importance of the fluid's inertia compared to its surface tension;

and the Strouhal number in flows in which rotation or a periodic

motion plays a role.

Each of these numbers, with the exception of the Weber number

(surface tension effects are of little engineering importance), will

appear in flows studied in other cases.

Note: The Froude number is often defined as V2/lg; this would not

Problem

The pressure drop p over a length L of pipe is assumed to depend

on the average velocity V, the pipes diameter D, the average

height e of the roughness elements of the pipe wall, the fluid

density , and the fluid viscosity . Write a relationship between the

pressure drop and the other variables using Buckingham theorem.

Ans:

Problem

The speed V of a weight when it hits the floor is assumed to depend on

gravity g, the height h from which it was dropped, and the density of

the weight. Use dimensional analysis and write a relationship between

the variables.

Ans:

A simple

End

- WPH01_01_msc_20150305_2Hochgeladen vonSany Fahym
- Experimental ModellingHochgeladen vonrahmath ameen
- Dimensional AnalysisHochgeladen vonMxia Yew
- Nano MaterialsHochgeladen vonInz Mat
- Fouling calculation in heat exchangerHochgeladen vonteguh hady a
- I have a dreamHochgeladen vonAnand Kumar
- PREDICTING PRESSURE FILTER NET SOLIDS YIELD USING BUCKINGHAM-Π METHOD OF LMT DIMENSIONAL ANALYSIS.Hochgeladen vonIJAR Journal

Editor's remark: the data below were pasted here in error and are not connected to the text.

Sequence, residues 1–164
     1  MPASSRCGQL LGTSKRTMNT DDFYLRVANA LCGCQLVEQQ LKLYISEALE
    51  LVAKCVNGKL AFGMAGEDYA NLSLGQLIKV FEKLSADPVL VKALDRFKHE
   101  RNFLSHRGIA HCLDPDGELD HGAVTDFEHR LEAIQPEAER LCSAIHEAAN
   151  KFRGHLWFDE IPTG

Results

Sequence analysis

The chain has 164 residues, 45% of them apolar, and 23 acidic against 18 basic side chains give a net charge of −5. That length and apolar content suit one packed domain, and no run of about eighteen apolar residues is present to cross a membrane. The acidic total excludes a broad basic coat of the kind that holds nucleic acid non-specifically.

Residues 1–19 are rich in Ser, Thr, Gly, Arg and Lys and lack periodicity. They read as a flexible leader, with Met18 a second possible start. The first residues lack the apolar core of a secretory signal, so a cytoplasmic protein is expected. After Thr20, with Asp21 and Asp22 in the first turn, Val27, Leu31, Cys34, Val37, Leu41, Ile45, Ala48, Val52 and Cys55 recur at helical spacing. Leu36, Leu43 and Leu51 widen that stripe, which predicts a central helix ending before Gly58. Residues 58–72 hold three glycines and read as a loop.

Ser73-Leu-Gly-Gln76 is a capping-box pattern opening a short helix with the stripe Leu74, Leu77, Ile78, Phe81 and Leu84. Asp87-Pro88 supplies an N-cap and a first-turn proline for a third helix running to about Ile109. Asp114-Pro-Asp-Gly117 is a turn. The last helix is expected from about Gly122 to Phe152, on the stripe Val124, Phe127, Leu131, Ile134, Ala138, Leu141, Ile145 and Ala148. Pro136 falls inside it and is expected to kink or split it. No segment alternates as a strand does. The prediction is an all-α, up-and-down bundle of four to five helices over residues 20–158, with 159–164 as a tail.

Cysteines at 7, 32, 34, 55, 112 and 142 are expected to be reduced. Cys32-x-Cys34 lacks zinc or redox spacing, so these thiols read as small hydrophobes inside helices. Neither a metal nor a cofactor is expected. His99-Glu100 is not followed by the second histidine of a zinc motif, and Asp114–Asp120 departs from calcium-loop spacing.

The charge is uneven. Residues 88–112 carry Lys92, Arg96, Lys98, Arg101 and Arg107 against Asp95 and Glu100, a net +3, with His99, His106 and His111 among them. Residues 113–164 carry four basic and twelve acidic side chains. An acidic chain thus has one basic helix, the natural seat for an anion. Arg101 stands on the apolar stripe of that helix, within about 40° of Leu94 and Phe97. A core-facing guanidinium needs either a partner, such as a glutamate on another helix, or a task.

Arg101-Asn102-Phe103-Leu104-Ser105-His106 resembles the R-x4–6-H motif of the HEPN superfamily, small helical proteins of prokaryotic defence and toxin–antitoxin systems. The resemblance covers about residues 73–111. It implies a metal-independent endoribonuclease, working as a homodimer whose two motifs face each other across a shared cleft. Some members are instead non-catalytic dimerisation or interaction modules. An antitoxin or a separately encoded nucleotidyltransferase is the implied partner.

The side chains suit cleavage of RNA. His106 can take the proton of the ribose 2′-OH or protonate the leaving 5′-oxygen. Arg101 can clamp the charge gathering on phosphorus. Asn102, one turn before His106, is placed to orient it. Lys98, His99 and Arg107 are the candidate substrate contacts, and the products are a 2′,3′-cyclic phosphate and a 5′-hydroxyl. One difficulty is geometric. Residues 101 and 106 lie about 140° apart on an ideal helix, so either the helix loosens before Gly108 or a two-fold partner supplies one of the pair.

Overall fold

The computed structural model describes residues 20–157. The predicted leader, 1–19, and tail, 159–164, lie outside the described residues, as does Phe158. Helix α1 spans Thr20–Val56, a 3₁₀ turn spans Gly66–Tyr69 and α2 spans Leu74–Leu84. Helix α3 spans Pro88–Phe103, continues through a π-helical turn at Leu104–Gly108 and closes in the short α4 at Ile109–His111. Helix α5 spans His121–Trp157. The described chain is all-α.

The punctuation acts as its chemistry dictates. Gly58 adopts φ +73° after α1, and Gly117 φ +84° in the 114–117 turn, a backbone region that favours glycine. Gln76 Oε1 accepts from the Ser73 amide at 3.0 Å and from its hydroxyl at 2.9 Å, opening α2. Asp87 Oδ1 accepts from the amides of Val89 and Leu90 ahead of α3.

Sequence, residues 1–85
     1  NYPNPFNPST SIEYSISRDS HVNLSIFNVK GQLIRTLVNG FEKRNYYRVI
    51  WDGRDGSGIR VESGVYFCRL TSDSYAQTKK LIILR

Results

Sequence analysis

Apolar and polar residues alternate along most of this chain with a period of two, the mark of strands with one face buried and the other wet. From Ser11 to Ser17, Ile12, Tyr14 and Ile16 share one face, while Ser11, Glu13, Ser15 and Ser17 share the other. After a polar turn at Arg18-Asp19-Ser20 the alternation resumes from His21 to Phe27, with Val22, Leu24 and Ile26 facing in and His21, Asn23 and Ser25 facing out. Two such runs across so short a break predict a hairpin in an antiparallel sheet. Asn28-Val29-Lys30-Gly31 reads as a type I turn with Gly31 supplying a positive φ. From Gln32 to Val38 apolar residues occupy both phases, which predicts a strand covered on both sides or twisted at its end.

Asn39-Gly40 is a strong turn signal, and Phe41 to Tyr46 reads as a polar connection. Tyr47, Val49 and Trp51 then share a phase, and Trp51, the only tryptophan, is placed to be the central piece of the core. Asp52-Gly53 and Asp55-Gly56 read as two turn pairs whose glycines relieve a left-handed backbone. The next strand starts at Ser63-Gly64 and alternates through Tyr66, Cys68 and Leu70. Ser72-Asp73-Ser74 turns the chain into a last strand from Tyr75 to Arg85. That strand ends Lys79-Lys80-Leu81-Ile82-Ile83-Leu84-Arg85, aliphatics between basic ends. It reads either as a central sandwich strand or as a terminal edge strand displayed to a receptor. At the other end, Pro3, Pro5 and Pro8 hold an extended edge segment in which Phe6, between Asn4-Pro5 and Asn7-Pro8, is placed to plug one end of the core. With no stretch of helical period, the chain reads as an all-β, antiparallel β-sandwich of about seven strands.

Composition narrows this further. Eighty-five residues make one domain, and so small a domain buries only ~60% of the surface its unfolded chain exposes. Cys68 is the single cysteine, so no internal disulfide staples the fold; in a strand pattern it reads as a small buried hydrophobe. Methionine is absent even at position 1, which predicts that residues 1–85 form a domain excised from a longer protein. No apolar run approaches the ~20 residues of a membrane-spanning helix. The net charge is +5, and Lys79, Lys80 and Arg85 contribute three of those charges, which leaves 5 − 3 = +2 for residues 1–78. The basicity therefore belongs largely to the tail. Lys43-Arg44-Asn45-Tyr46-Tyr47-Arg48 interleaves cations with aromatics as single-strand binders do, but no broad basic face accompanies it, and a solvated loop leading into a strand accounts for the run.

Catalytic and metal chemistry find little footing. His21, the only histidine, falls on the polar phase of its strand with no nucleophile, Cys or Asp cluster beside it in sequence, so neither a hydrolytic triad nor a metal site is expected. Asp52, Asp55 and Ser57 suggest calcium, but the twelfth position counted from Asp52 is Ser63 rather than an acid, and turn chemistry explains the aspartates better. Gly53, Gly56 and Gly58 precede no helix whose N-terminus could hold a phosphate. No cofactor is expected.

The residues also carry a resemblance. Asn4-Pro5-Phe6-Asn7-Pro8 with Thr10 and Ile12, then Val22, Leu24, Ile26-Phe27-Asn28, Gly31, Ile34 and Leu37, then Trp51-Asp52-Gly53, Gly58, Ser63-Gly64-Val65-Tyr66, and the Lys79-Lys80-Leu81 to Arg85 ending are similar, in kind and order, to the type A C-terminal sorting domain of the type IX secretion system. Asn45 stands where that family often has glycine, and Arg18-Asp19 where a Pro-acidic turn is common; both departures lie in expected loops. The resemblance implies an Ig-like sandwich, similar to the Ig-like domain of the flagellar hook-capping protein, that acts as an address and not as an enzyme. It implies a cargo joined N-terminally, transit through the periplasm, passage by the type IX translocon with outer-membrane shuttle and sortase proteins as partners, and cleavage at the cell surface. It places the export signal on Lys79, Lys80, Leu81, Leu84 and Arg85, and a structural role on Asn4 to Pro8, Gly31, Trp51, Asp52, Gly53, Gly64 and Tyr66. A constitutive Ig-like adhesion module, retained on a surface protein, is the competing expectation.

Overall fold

- 1 Relative MotionHochgeladen vonTABIBI11
- Horno RotatorioHochgeladen vonEfrain Josue Boatswain Medina
- Heist 2009Hochgeladen vonJanos Kovacs
- ch1-mechanics.pptHochgeladen vonMarisol Tan Alberca
- ch12Hochgeladen vonmishazujev
- Turbulent Drag Reduction by PolymersHochgeladen vonprahalad_sudhakar
- Measure Met of Boundary on a Flat PlateHochgeladen vonMunJiwon
- 1 Fluid PropertiesHochgeladen vonShafiq Hafizullah
- Componets of Resistance [Compatibility Mode]Hochgeladen vonSurya Prakash Raju Mudunuri
- Incorporating Complex Mathematical Relations in Web-Portable Domain OntologiesHochgeladen vonmkppan
- Physics old questionHochgeladen vonAkash Heera
- Conference Paper First Draft AI-3Hochgeladen vonsudjiro
- MetrologyHochgeladen vonkhAleL_aSyRanI
- Tuần 1Hochgeladen vonTrí Trần
- no_front_wing2012..xlsHochgeladen vonAnonymous h9DpkR73ye
- Elwha River Surface-WaterHochgeladen vonkamran_watsan
- 1.3673571Hochgeladen vonAlina Elena